RN: SAND IN THE WHEELS #2 (excerpts)


Jan Slakov

From: •••@••.•••
Date: Wed, 8 Sep 1999 15:57:42 -0300
Subject: SAND IN THE WHEELS   (n°02)

This is the edition in English of  the bulletin of ATTAC, a fast growing 
organization against neoliberalism.  Its main sections nowadays are in 
France and Brazil. 

Weekly newsletter - Wednesday 09/08/99



1- French Farmers Fight Globalization
2- The Toronto Dollar Project
3- Resolution on Trade and Liberalization and its Impact on Human
4- News from a liberal business model
5- Rendezvous with ATTAC

__________ French Farmers Fight Globalization

What's the difference between Roquefort cheese and Coca-Cola ?  Well,
er ...

However, there's one difference which has far-reaching implications,
and - as recent events in France have shown - explosive potential.  It
is expressed by Philippe Folliot, mayor of the tiny village of St
Pierre-de-Trivisy, centre of production of the ewe's milk from which
the famous cheese is made: "Roquefort is made from the milk of only
one breed of sheep, it is made in only one place in France, and it is
made in only one special way", explains Mr Folliot.  "It is the
opposite of globalization. Coca-Cola you can buy anywhere in the world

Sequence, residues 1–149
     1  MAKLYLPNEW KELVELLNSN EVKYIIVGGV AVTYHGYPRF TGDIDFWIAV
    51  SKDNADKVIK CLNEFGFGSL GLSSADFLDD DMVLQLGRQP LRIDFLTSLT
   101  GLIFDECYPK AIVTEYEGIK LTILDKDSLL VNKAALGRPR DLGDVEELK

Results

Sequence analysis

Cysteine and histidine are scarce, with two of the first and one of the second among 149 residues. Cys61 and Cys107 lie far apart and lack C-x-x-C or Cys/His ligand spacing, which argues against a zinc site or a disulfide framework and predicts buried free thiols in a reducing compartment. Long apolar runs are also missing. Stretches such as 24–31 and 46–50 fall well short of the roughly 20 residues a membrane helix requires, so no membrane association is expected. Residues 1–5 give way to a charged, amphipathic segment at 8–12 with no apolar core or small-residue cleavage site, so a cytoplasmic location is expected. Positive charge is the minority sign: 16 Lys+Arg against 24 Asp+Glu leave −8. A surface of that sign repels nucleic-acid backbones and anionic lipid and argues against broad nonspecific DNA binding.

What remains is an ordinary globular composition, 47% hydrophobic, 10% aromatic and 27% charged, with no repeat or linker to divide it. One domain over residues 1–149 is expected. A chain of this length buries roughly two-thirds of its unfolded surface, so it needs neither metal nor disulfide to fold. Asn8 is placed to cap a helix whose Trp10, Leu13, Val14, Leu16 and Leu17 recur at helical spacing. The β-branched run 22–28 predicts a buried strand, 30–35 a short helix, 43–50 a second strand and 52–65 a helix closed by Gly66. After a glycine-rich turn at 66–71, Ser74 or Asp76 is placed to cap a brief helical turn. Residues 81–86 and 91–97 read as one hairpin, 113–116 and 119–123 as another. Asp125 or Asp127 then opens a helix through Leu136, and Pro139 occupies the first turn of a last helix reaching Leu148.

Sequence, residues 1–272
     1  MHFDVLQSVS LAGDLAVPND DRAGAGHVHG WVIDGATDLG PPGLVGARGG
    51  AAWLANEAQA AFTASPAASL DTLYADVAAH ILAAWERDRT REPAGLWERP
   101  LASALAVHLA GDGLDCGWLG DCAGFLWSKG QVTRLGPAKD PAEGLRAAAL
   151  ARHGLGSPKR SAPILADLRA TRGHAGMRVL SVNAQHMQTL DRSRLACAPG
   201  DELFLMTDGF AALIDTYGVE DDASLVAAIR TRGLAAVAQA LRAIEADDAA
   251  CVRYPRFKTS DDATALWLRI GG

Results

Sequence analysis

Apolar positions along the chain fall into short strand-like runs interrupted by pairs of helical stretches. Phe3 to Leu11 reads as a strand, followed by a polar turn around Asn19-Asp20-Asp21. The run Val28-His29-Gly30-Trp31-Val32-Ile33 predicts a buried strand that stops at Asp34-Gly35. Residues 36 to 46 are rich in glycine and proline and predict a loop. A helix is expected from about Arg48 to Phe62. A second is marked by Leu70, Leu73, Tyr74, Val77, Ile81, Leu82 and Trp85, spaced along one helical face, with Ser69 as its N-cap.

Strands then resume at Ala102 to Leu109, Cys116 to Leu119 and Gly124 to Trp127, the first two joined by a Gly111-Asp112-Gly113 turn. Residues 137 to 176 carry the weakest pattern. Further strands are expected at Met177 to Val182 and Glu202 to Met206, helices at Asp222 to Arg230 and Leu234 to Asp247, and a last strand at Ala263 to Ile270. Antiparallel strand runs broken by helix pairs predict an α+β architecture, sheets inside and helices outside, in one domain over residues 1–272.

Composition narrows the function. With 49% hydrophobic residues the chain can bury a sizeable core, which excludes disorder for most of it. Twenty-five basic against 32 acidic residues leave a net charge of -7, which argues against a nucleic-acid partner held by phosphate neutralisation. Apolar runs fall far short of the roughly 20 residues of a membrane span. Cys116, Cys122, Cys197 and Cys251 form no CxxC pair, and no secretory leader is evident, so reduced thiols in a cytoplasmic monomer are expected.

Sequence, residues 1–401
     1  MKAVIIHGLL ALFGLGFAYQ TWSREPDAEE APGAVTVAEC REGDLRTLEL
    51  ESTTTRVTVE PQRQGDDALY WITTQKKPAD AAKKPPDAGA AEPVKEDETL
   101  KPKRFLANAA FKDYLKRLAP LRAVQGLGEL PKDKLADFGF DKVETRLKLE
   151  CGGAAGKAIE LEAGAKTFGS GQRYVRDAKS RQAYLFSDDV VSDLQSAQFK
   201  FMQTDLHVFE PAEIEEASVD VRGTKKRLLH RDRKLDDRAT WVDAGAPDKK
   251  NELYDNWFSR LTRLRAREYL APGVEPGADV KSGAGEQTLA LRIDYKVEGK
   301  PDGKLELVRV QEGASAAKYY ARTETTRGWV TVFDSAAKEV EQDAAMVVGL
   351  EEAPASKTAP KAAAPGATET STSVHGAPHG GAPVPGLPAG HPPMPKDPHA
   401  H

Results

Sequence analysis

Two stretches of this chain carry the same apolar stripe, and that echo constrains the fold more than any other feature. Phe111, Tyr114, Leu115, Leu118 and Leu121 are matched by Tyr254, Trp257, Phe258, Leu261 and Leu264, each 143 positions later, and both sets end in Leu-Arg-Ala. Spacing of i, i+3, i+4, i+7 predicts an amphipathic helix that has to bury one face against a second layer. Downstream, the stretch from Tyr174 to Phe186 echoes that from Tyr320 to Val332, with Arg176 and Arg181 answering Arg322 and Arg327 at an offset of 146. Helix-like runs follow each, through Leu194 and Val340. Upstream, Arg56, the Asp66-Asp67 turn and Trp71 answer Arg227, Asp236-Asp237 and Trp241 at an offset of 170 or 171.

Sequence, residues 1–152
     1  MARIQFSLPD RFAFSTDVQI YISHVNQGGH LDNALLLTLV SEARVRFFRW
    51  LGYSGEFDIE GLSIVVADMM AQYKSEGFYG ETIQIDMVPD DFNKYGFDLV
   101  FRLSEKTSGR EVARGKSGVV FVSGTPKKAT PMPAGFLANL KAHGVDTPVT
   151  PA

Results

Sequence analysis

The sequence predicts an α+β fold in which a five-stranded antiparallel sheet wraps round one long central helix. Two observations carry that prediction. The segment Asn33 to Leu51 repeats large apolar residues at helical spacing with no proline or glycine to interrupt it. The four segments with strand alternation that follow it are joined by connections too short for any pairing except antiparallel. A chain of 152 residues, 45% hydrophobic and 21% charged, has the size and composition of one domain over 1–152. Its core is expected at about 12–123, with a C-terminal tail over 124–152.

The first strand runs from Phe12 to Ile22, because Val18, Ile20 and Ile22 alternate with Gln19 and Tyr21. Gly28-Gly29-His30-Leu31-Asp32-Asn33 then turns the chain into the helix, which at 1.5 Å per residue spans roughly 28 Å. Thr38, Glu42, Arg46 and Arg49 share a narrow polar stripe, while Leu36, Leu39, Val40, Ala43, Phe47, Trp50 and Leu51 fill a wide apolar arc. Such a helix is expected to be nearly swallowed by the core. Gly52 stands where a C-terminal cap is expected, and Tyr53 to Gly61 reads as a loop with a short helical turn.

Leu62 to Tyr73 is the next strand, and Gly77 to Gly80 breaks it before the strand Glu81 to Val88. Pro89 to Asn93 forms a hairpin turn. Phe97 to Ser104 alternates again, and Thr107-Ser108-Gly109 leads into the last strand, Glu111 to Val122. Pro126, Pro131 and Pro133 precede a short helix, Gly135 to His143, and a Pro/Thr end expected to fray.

and it is exactly the same".

He could have said much the same of McDonald's restaurants.
McDonald's has been the target of a wave of protests by French farmers
against sanctions imposed on a slew of luxury French food products,
ranging from Roquefort cheese to foie gras.  The sanctions were
imposed by the World Trade Organisation (dutifully relaying
Washington), in retaliation for the European Union's decision to ban
imports of US hormone-treated beef.

If the tiny village of St Pierre-de-Trivisy reacted to the sanctions
by a 100% "tax" on Coca-Cola sold at local functions, as a symbolic
protest against the US-dominated process of globalization, the radical
farmers'union, the Confédération Paysanne led a protest on a different
scale, when hundreds of its militants in the Aveyron region of
South-West France demonstrated in front of the new McDonald's
restaurant building site in Millau. The trade-union protest gave an
early French send-off to the international campaign, due to take place
from October 12th to 17th, against the Millennium Round  (an MAI
"clone" whose well-aired objective is to bring all human activities
under the control of the transnational corporations).

A disturbing aspect of the union protest in Millau was the reaction of
the French authorities, who have in the past tolerated far more
disruptive and even violent assaults on French institutions without
any legal action being taken. In contrast, the demonstration targeting
McDonald's, as a symbol of US-dominated globalization, gave rise to
the imprisonment of five leading unionists, in three different
prisons, with family visits forbidden them. As the Confédération
Paysanne is a founding member of ATTAC, this organization has been